A Community Center built by the ideas of its people for generations to come
April 13, 2016
The results are in. The board members of the Rio Vista Community Center (RVCC) gave a few presentations about the data that they collected in regard to what Rio Vistans want in a community center at the cafeteria of DH White School last Monday.
James Nordin, President of RVCC, spoke to a room full of concerned members of the community about how data was interpreted from a previous meeting on suggestions of what they wanted in a community center.
“Our purpose today is to present to you our interpretations of these suggestions and ask for your feedback if what you see is workable,” Nordin said.
To the left side of the room, there were movie poster sized pages of recommendations from the last meeting and to the right side of the room, there were graphs and tables of data that summed up the highest ranking recommendations to the lowest on collected data.
Drew Halter, MPA student at Sonoma State University, said tonight’s subject is something dear to his heart and reported that he added up and categorized all the data that was given to him in an Excel document, which could be seen at the front of the room.
Derek Jones, Treasurer at RVCC, went into detail on these categories saying that, “It was vital for people to come to a community center for different purposes.”
These categories included: Learning (which can be interpreted as making discussion groups or tutoring), Medical Services (which would need a permanent service), Specialized services (which could incorporate a computer center or a kitchen), Performing Arts, Indoor Recreation and Outdoor Recreation, among other categories.
It is still up in the air about which categories get chosen for the community center. However, members of RVCC would like to focus on specific categories that will cater to donors for funding. Jones said that donors would be more likely to donate funds if a specific category gets enough interest and is planned for construction.
The location of the community center is still up in the air. Church Road is a possibility but nothing has been confirmed.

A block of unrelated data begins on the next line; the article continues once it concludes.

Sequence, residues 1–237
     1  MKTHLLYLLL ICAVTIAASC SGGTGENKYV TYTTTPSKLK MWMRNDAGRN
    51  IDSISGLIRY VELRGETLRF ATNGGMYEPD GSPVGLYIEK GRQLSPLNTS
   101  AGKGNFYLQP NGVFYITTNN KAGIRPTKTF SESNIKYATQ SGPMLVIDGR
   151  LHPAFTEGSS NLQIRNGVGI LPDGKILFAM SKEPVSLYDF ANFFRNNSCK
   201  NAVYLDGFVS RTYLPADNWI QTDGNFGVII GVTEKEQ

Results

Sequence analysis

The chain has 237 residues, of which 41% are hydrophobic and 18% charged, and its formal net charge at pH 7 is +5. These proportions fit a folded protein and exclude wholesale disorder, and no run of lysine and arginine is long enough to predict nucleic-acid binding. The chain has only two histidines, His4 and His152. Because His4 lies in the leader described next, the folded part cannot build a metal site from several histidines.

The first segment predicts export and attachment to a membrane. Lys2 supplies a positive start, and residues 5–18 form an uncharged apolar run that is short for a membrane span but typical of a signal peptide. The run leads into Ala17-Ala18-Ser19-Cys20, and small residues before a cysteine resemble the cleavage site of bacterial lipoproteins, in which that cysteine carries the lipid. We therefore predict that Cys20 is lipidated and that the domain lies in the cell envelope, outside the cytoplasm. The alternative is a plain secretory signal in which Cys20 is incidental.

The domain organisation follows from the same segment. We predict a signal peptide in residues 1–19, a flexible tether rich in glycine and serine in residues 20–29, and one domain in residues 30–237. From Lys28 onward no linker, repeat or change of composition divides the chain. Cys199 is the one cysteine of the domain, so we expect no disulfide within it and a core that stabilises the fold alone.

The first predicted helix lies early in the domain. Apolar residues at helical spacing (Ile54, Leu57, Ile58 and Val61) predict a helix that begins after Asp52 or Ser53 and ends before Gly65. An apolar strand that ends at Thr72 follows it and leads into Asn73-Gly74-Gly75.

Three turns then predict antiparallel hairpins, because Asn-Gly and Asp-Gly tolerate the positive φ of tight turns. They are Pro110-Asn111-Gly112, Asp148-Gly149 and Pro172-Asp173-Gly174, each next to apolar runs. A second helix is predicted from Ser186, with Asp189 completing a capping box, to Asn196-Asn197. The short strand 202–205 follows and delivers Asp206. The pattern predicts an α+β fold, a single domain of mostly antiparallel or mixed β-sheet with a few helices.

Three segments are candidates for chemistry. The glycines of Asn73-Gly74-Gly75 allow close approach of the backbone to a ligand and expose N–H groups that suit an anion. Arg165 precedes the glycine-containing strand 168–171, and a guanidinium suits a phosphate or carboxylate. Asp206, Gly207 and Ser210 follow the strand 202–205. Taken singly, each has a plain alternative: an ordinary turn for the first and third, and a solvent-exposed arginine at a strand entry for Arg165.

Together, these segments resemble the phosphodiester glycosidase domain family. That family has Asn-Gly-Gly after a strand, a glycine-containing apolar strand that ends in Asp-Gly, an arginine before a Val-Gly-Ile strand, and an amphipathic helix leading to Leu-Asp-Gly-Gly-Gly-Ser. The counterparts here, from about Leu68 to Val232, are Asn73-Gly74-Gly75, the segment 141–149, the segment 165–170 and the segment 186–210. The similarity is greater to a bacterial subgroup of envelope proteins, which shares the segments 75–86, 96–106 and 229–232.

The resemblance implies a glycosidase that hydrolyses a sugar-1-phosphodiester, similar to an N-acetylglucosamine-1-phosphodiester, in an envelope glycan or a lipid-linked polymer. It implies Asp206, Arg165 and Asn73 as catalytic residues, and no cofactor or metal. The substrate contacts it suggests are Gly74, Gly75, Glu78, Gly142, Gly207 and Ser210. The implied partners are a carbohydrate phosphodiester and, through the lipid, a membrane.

Linda Orrante, secretary at RVCC, gave a rundown on the ranking of some the services in a category.
For the infrastructure category, it was ranked from (1) medical social services (2) performing arts (3) outdoor space (4) recreation/ athletics (5) kitchen and food.
“We’re sensitive about not making any assumptions based upon on collected data and would like to confirm the results with the community,” she said.
For the outdoor space category, (1) soccer, basketball, tennis and softball were the highest ranking activities (2) other services that were suggested were a Jacuzzi, fire pit, greenhouse, picnic areas and a skate park, among other things.
Orrante took note of a certain demographic and what they wanted in a community center. This was on the youth and it was an unranked number of activities that included job fairs, job seminars, lessons on swimming, driving, flying, dance and a center for free WiFi and laser tag.
The next step for the community center is undetermined but members of RVCC would like their progress to be validated by the community and welcome any more suggestions that the public has for the community center.
The Treasurer of RVCC recommended that these categories could already be implemented in existing buildings. It was noted that the building process of the community center will take years but why wait until then? Jones said that there are buildings that have possibilities to house activities such as learning a new language, tutoring and teaching pottery, to name a few.
Adriana Bejarano, Executive Director at Rio Vista Care, said, “This is an effort for the whole community to be a part of. It’s something we’re building for the future generation. There’s a me generation and we want to build a future generation.”
Mayor of Rio Vista Norman Richardson said there had been funds that the city has been putting aside and Richardson was more than happy to donate some of that money if some conditions were met.
Towards the end of the town meeting, members of the audience were asked to give ideas on what was talked about. A youth suggested asking high schoolers, middle schoolers and elementary kids on what they wanted for better accuracy on things the young people wanted.
Another member suggested conducting a survey to be passed around for a wider collection of data.
Chandra Drury, Board Member of RVCC, gave a brilliant idea on taking action now. “We want to make a virtual community center. We have a website and we want to start the process now.”
She encourages people to submit their ideas on the website and participate at: www.riovistacommunitycenter.